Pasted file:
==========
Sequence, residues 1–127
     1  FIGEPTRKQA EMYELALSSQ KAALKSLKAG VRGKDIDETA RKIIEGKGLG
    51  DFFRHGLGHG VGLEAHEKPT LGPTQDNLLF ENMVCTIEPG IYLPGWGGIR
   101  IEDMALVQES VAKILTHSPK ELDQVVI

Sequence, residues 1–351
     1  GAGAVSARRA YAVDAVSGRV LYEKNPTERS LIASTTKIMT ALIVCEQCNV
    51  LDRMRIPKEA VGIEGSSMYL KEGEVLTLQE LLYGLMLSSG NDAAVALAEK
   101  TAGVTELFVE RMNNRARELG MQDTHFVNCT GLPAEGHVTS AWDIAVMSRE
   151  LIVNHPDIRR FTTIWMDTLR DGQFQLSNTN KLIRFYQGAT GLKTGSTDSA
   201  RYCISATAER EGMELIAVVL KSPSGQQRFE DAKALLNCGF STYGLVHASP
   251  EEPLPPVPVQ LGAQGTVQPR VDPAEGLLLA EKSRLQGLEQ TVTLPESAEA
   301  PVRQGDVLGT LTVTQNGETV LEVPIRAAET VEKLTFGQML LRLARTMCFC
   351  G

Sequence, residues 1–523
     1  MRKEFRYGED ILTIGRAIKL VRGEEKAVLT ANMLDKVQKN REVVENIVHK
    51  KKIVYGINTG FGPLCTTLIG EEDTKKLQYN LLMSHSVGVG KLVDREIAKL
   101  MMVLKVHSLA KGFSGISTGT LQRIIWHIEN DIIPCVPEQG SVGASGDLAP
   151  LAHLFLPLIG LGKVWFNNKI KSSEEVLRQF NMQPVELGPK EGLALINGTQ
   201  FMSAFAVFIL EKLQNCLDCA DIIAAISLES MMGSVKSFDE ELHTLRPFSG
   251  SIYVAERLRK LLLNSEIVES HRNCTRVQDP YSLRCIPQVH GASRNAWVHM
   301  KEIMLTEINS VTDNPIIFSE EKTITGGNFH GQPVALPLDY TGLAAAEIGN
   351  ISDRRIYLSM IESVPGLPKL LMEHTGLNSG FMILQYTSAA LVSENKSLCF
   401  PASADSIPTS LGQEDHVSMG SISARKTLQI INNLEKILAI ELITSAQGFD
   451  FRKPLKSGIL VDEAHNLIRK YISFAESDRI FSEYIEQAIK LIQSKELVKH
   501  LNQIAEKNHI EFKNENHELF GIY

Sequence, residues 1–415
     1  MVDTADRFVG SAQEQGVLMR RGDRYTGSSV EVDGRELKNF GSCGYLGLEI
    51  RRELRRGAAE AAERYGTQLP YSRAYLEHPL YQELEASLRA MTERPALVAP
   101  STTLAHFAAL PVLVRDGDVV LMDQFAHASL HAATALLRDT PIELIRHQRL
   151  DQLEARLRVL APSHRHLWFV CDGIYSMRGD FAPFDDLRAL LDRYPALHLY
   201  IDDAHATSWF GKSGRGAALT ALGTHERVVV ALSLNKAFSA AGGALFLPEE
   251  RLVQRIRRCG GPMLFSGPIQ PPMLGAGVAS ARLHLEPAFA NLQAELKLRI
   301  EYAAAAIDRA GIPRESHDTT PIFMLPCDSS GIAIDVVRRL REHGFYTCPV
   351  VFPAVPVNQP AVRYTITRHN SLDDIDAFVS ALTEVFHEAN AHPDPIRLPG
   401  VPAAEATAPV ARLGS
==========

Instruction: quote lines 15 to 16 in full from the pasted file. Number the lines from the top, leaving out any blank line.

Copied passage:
     1  MRKEFRYGED ILTIGRAIKL VRGEEKAVLT ANMLDKVQKN REVVENIVHK
    51  KKIVYGINTG FGPLCTTLIG EEDTKKLQYN LLMSHSVGVG KLVDREIAKL